February 26, 2024

Healthcare Experts See Promising Signs of Rebound in M&A and IPO Activity

Attendees at our annual symposium also discussed antitrust, compliance, and venture funding dynamics in the life sciences and healthcare sectors.

In the second week of January, Goodwin and KPMG convened innovators, practitioners, regulators, and others for our annual symposium on the future of life sciences and healthcare. This marked the fifth year that Goodwin co-hosted the symposium, which takes place during the annual J.P. Morgan Healthcare Conference in San Francisco.

The conference traversed a broad spectrum of healthcare topics, including early-stage investment principles, successful paths for M&As and initial public offerings (IPOs), and trends in capital markets. Panels explored new paradigms in private-equity healthcare investing and the new era of global precision medicine. The program also provided insights into the complexities of the Inflation Reduction Act and strategies to help public companies successfully navigate the challenges it poses.

A deputy director of the Federal Trade Commission (FTC) offered guidance on antitrust trends. Finance experts expressed cautious optimism about a recovery in IPO and M&A markets, following early signs of a rebound in deal activity leading up to the conference. Goodwin partners emphasized the increasing importance of compliance in dealmaking, and investors noted that dealmakers are particularly focused on quality in this environment, including venture capital (VC) coming out of a lull.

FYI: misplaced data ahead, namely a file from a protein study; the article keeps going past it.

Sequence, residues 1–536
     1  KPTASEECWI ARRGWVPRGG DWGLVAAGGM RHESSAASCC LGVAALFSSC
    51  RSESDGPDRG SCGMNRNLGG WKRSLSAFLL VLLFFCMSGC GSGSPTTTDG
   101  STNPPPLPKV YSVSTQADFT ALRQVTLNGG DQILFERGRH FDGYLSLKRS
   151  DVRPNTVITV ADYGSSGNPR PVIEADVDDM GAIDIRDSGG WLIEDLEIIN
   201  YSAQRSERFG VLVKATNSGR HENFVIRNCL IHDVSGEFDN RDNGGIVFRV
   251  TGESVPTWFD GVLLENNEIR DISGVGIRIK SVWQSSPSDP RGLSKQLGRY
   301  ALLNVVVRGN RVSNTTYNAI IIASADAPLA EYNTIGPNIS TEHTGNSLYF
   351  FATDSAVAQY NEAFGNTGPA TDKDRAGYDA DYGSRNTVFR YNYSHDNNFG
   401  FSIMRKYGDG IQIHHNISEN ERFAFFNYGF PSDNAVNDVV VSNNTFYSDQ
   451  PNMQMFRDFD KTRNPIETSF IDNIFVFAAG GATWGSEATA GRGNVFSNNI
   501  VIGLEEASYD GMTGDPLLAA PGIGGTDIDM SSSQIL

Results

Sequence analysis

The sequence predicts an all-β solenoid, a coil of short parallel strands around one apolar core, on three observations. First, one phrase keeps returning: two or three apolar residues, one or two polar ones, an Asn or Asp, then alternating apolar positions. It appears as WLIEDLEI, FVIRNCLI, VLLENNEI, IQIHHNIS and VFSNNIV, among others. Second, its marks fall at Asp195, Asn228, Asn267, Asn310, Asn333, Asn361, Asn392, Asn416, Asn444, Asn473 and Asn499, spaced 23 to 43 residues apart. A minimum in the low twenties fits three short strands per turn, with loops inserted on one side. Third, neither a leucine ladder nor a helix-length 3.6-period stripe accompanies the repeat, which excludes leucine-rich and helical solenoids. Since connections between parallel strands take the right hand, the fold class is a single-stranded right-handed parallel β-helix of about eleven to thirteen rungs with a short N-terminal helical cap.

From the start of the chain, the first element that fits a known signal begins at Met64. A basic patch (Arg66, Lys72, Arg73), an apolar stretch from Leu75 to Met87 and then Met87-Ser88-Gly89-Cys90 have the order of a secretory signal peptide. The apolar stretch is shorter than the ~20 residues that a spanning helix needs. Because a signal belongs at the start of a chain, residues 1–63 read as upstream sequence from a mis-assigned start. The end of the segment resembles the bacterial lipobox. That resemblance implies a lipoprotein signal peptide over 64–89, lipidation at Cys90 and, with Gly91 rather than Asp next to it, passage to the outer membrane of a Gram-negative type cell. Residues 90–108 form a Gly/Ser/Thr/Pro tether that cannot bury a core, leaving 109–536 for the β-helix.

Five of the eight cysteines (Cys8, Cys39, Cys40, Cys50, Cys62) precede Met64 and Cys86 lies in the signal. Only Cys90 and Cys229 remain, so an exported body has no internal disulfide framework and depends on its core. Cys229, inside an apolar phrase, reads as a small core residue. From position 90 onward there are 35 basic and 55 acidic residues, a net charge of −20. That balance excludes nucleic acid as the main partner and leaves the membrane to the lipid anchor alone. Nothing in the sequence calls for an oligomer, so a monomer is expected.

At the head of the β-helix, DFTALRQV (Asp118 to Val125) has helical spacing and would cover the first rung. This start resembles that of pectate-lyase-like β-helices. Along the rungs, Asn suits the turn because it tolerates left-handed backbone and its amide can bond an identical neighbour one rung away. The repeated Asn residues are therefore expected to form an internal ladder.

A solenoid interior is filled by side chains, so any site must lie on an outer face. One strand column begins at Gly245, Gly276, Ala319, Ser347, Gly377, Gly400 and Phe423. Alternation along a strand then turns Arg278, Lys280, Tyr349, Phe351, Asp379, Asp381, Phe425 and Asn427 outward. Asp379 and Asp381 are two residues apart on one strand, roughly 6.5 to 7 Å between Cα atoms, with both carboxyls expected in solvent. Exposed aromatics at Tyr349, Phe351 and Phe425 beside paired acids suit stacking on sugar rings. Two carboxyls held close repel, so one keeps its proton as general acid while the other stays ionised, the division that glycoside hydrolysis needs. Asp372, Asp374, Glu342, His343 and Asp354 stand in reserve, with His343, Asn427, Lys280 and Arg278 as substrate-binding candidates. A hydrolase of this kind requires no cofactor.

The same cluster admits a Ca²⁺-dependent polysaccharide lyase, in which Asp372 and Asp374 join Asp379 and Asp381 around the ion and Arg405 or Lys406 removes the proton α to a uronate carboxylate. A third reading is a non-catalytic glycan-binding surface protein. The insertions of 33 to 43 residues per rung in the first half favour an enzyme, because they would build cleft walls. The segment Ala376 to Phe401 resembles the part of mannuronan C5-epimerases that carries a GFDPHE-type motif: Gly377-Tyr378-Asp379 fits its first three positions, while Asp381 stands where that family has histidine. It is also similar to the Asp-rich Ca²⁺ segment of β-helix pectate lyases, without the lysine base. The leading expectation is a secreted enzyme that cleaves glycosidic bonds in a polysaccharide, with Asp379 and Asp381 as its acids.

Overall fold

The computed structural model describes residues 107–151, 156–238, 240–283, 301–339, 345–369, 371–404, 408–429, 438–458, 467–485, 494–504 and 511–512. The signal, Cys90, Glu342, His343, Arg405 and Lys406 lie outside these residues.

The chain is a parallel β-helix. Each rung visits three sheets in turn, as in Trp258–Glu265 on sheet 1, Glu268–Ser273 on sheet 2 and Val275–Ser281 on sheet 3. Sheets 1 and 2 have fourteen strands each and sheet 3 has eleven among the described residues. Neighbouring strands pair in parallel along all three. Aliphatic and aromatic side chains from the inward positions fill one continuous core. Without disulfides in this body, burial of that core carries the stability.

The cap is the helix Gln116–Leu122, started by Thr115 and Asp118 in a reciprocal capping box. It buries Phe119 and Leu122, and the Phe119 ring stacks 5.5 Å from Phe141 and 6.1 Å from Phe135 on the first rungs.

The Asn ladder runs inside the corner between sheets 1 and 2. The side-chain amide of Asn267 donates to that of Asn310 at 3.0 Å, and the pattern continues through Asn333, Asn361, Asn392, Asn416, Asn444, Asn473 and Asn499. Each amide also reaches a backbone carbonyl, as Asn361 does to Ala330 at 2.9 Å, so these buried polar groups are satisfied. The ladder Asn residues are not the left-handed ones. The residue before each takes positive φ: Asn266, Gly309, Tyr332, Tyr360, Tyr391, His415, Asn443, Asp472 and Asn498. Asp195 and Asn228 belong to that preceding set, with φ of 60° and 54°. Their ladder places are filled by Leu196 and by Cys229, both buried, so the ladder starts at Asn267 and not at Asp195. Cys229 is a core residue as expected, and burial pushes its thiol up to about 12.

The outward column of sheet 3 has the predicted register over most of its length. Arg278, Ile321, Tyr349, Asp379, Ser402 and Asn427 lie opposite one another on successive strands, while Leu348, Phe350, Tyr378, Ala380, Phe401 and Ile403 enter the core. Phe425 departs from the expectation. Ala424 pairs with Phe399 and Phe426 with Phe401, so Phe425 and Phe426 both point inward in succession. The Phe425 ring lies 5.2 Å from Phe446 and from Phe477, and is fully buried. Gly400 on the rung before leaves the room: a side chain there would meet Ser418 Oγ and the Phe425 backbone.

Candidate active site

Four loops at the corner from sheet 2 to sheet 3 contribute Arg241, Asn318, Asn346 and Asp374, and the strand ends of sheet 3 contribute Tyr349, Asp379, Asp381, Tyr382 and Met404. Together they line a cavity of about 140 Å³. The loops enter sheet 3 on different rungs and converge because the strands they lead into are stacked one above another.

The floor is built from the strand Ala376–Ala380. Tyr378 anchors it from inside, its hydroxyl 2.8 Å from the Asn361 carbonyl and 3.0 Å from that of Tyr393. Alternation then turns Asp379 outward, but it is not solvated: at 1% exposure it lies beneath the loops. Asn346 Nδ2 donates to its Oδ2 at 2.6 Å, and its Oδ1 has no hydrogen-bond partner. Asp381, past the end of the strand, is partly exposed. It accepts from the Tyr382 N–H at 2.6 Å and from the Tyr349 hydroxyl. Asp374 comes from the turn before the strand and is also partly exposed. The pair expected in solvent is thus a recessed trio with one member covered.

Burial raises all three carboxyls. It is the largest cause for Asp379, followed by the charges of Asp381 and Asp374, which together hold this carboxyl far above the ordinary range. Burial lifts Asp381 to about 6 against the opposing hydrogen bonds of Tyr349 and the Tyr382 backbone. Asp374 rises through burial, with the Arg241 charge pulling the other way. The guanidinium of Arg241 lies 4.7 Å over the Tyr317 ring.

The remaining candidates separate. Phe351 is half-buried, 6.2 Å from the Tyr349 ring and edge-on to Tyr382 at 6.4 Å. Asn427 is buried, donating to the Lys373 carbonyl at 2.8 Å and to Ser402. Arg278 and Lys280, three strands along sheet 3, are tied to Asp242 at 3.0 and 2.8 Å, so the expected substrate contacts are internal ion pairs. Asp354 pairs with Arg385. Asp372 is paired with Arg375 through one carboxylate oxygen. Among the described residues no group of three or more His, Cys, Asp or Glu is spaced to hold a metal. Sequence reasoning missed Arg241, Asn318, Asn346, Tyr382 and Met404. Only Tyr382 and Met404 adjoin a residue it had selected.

Here, we offer five takeaways from the event:

1. IPOs and Mergers Are Poised for Recovery

With interest rate cuts on the horizon, the financing environment is set to improve this year, which will allow more companies to go public or pursue mergers in 2024.

Despite some challenges ahead, companies will benefit from windows of opportunity to raise capital, said Chris Rigoli, Co-Head of Healthcare ECM.

The backlog of companies seeking to go public this year “is pretty robust,” Rigoli said, adding that the quality of companies planning IPOs, especially in the first half of this year, is high.

Rigoli expects this year’s healthcare IPOs to be concentrated among clinical-stage companies.

Srini Akkaraju, founder and managing general partner at Samsara BioCapital, agreed that more companies will go public this year after a weak 2023. Still, he expects IPO filings will take a year or two to return to their normal pace.

(From the “Capital Currents in the Life Sciences: Navigating Today’s Markets” and “Capital Catalyst: Navigating the Path to Public: IPOs, Mergers & More” panels)

2. Mergers Involving Dominant Firms or Early-Stage Drugs Could Draw Antitrust Scrutiny

Companies should tread carefully when considering mergers or other agreements with a dominant firm, said Rahul Rao, deputy director of the FTC’s Bureau of Competition.

Rao pointed to a common thread among the FTC’s recent challenges to life cycle transactions: they each involved a dominant firm—that is, a firm with significant market power that threatened competition.

“Combinations that involve a dominant firm, especially one with a monopoly position, will definitely raise questions that we may want to investigate,” Rao said. He later said that this applies to emerging companies: “I would just be very wary about engaging in a collaboration with a dominant provider.”

Rao also said that products in early development, including drugs or assets that have not yet hit the market, can raise antitrust concerns. The FTC does not limit itself to scrutinizing marketed drugs or phase three assets, he said. Rao noted that the stage of product development is one of many data points the FTC considers in its antitrust analyses. Another data point is the position of the incumbent firm.